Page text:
Remember when you couldn't use the words 'middle class' and 'millionaire' to describe the same person?
Well . . . times have changed.
According to a 2005 report by TNS Financial Services, a market research and polling firm, there were 700,000 more millionaire households in the U.S. than the previous year. We're not talking about trust fund babies born into wealthy families. Nearly 80% of these millionaires are first generation and they didn't get there by winning the lottery.
Most have reached millionaire status gradually and diligently through a combination of salaries, long-term investing, wise savings plans and living within their means. Even though the financial industry has dubbed them "Middle-Class Millionaires" (MCMs), most do not think of themselves as wealthy, and some are even surprised to learn that they have become millionaires. The largest percentage are between ages 45 and 65, where wealth helps relieve the burden of caring for aging parents and paying for college tuition. About one in five are retired and the rest come from all walks of life including small business owners, blue collar workers, farmers, executives, and professionals.
Typically, MCMs avoid the ostentatious trappings of the upper crust. In fact, the TNS report noted that 61% claim they have not made any major lifestyle changes. There is no mass exodus to gated country club estates, no run on imported luxury auto showrooms, and most are still sticking to the same basic investment strategies with, on average, 20% of their incomes being invested every year.
However, with greater resources now available to them, they are turning to financial advisors for guidance in selecting and managing more sophisticated products. Mutual Funds served their purpose in the past, but now they want something in line with their new status, particularly since their tax situation has become more complex.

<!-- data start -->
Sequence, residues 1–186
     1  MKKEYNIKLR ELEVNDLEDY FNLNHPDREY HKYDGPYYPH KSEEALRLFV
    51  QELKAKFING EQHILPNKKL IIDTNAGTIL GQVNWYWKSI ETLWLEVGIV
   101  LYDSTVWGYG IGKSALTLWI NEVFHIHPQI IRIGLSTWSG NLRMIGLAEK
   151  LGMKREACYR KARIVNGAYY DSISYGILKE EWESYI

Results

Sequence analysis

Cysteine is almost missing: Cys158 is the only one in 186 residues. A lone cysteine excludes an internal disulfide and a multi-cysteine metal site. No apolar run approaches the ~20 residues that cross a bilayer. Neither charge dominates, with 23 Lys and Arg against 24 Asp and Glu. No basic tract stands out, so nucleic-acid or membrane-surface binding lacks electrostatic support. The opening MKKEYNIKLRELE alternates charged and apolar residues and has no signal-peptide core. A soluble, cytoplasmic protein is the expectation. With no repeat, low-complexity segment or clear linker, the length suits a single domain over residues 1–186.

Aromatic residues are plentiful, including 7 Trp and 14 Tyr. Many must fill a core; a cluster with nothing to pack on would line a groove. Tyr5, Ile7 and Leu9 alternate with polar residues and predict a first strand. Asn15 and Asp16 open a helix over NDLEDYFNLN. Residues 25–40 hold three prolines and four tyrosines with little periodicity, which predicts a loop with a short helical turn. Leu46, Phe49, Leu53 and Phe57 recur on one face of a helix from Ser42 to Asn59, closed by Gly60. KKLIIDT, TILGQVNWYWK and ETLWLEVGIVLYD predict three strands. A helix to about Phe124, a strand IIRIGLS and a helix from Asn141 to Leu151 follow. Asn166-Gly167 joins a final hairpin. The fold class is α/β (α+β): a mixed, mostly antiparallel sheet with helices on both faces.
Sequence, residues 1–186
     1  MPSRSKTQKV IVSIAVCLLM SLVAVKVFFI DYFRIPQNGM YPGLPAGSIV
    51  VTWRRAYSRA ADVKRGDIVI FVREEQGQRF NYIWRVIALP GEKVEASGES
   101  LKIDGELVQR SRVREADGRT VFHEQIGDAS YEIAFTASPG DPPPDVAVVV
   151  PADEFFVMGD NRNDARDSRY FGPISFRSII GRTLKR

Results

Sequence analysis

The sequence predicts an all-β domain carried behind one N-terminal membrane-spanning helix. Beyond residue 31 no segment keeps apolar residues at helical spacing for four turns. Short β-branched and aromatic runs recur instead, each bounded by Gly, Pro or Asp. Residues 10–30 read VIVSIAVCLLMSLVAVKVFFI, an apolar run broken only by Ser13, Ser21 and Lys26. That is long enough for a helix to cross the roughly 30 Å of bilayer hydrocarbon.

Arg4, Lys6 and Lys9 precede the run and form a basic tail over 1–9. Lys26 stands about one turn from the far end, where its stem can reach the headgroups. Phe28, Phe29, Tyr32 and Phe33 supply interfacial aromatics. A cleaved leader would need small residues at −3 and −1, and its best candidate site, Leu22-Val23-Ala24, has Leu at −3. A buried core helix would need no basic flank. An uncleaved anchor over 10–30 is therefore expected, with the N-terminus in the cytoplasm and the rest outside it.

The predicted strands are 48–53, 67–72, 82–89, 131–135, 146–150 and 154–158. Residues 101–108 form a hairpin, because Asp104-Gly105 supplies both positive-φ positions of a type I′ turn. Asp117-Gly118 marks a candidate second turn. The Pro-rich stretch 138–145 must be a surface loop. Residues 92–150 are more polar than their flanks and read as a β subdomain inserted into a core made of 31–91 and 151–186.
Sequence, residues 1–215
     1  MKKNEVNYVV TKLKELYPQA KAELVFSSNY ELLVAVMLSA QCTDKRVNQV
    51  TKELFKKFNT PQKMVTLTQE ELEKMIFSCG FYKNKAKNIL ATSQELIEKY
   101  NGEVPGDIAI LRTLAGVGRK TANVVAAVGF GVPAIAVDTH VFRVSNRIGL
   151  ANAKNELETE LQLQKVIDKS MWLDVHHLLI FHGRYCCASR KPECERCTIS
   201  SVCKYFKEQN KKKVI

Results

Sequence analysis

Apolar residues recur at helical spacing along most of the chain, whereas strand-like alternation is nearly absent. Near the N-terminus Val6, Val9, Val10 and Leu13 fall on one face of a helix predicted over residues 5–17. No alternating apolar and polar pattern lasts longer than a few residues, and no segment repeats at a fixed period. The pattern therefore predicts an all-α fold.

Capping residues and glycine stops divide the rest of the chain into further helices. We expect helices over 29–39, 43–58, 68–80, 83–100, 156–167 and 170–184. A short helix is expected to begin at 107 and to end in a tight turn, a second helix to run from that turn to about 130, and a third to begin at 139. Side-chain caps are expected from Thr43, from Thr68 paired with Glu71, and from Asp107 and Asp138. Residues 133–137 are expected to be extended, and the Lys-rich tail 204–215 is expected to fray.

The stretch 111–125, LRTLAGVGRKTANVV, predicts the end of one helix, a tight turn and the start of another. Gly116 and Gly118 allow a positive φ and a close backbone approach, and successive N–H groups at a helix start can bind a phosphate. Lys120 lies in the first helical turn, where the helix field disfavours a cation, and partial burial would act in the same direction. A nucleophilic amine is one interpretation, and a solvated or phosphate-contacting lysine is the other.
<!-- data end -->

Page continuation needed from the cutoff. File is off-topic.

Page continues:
Financial advisors are actively building relationships with the nouveau riche and consider them ideal clients. They are not living over-the-top lifestyles, so their financial goals are easier to meet. But the investors do expect a lot from their advisors, like investment performance, quality service, ability to resolve problems, and they want advisors to be familiar with their specific situation so they know which products to recommend.
When Merrill Lynch commissioned Prince and Associates to survey 329 MCMs with liquid assets totaling between one and three million dollars, the favored product was the managed account because they are customizable, tax efficient, and have an all-inclusive fee.
With the rising demand, financial institutions are developing planning services designed specifically for this market, which is projected to expand well into the future. The TNS study found that not only did households with a net worth of at least $1 million increase 8% to a record high 8.9 million-which includes households with a net worth between $100,000 and $500,000, or 24.5 million households in 2005, up from 23.9 million in 2004-the number of emerging affluent households is also on the rise.
Factor those numbers in with the results of a study by the Social Welfare Research Institute at Boston College. If their projections are correct, over the next 50 years between $41 trillion and $136 trillion will be passed down from baby boomers. Expect a lot more middle-class millionaires in a neighborhood near you. $
If you've landed on this page directly from a search engine and you're wondering where you are,
you can find out by linking back to